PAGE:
4. Justice contends that nurse Johnson was competent to testify in support of Justice's professional malpractice claims. Again, we disagree.

In her affidavit, nurse Johnson, a registered nurse and nurse practitioner, claims:

On May 12, 2000, Lorie Justice was a patient of Dr. Thomas C. Talley. On that date, Lorie Justice complained to Dr. Talley's office of severe headaches of such tremendous magnitude that they woke her up at night and caused her to vomit. Ms. Justice also complained of fever, nausea, sensitivity to bright light, and neck pain.
I am familiar with the standards of care required during the diagnosis, treatment, and care of pregnant women in a medical environment. Based upon the facts set out above, the office of Dr. Thomas C. Talley fell below the applicable standard of care by engaging in negligent acts and omissions, including but not limited to the following: (a) Given the severity of Lorie Justice's complaints, they should have conducted additional testing.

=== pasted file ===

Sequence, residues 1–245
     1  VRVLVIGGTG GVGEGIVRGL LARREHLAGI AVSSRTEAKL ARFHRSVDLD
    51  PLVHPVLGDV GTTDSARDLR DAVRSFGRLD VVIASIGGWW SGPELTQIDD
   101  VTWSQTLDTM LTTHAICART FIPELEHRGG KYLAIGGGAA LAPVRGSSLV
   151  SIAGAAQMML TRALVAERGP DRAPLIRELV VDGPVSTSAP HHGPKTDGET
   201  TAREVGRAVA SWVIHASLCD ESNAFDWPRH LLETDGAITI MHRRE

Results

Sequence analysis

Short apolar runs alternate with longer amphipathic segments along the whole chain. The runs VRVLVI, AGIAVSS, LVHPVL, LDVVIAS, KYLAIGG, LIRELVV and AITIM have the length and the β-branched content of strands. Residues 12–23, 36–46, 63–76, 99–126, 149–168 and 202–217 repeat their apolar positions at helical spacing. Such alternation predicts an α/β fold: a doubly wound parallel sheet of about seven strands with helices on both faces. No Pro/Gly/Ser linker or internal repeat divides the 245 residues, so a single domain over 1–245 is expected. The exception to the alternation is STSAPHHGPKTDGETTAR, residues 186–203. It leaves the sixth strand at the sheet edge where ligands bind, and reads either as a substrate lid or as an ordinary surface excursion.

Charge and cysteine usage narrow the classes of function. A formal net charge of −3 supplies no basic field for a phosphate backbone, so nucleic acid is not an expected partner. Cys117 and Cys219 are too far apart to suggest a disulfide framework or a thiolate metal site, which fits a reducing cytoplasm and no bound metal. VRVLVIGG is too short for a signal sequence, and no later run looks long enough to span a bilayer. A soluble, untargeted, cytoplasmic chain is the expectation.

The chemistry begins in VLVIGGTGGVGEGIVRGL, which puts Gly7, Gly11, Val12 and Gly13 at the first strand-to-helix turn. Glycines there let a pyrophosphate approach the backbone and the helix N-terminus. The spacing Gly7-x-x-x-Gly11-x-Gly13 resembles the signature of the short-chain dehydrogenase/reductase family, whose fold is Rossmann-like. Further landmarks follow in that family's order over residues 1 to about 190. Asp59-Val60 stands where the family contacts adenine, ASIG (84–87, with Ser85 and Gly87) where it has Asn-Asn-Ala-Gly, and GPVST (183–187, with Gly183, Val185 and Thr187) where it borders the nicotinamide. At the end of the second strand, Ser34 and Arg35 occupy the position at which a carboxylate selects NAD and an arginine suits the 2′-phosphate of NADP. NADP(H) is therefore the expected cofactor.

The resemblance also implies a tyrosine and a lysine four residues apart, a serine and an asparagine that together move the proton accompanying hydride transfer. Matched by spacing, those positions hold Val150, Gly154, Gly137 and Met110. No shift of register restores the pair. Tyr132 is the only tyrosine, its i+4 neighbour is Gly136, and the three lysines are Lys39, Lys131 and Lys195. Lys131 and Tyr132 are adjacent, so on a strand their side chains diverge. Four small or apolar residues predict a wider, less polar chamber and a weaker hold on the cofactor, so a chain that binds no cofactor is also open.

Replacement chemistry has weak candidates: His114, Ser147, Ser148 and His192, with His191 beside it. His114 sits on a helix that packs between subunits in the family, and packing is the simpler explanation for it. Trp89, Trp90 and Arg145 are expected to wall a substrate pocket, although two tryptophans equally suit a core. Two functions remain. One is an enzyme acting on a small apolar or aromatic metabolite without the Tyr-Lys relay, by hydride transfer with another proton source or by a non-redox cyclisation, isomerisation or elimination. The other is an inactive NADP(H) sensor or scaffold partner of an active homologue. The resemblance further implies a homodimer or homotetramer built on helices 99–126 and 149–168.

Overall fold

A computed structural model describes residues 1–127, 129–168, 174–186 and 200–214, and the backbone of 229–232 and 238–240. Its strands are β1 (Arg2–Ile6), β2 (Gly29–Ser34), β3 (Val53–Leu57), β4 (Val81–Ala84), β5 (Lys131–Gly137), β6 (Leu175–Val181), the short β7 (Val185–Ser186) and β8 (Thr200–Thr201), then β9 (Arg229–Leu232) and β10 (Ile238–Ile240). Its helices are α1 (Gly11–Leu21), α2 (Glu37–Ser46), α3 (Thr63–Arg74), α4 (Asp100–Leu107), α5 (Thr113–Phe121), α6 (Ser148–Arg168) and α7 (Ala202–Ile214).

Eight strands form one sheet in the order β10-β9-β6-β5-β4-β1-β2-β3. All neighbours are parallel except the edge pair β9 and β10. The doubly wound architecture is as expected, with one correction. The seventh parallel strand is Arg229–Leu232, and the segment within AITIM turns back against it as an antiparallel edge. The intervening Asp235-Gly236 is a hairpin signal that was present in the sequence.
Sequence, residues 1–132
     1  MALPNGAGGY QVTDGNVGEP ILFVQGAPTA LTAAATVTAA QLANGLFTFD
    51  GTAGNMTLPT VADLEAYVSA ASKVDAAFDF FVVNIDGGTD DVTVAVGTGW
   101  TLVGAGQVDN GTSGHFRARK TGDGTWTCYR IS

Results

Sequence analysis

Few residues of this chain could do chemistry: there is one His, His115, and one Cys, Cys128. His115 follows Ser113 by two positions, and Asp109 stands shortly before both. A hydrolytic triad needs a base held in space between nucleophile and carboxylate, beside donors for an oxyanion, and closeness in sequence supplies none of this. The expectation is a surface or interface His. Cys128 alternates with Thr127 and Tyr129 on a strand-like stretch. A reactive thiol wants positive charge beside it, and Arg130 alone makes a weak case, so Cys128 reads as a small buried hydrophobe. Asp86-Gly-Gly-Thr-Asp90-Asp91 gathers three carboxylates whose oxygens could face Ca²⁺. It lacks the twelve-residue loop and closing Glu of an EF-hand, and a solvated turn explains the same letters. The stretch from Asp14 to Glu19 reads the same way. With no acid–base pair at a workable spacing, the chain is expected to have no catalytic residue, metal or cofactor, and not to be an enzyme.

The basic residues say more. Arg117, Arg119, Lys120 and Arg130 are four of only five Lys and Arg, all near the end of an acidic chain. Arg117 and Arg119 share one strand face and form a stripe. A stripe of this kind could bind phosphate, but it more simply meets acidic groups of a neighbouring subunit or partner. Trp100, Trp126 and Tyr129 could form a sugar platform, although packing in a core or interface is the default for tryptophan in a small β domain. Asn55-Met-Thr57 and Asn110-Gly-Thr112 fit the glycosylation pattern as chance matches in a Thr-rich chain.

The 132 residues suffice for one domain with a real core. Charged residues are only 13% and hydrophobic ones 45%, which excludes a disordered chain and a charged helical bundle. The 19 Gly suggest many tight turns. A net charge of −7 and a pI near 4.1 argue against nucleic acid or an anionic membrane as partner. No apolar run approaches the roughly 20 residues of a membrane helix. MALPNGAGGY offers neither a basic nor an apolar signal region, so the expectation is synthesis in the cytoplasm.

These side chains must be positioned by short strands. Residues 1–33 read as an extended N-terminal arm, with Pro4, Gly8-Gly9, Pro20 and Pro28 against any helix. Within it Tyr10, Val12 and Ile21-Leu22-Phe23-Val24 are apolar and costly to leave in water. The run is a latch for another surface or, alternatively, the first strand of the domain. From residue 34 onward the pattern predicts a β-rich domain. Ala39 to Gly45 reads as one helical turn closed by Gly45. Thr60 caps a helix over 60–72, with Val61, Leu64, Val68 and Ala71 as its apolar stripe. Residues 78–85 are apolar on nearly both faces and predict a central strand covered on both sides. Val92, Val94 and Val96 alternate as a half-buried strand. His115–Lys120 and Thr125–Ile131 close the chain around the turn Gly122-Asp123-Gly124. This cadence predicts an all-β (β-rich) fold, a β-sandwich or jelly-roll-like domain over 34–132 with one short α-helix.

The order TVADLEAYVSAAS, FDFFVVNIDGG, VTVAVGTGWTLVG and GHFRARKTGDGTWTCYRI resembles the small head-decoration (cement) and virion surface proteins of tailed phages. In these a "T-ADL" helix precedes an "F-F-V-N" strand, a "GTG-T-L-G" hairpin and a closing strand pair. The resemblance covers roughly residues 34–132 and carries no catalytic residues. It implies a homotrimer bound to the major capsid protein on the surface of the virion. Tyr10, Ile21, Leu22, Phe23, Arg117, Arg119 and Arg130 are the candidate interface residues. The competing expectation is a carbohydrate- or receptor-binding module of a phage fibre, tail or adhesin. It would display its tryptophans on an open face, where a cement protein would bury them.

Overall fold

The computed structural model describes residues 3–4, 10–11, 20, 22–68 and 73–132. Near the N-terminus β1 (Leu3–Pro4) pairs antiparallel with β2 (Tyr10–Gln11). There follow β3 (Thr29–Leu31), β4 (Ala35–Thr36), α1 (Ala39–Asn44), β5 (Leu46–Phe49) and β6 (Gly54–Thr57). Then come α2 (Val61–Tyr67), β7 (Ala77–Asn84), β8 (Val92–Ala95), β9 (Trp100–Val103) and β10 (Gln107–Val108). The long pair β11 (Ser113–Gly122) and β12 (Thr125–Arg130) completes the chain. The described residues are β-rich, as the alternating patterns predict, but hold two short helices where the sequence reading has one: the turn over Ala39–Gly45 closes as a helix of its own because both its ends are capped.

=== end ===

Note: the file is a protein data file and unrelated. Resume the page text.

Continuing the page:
"The general rule is that a member of a school of practice other than that to which the defendant belongs is not competent to testify as an expert in a malpractice case."[15] "The question presented here is whether there is sufficient proof of overlapping expertise to establish that nurse [Johnson] was competent to give the affidavit against [Talley], a medical doctor."[16] We agree with the analysis of the trial court that a nurse practitioner cannot speak to an alleged missed case of cryptococcal meningitis on the part of a physician. The specific act of negligence alleged in Johnson's affidavit is failure to conduct additional testing, and the act of negligence asserted in the complaint is that "Defendants knew or should have known that Plaintiff's complaints were symptoms of a far more serious disease. Defendants should have followed up on Plaintiff's complaints and ordered additional testing." The ordering of medical tests is not shown to be an overlapping function between a nurse practitioner and a medical doctor inasmuch as a nurse does not have independent authority to order diagnostic tests.[17]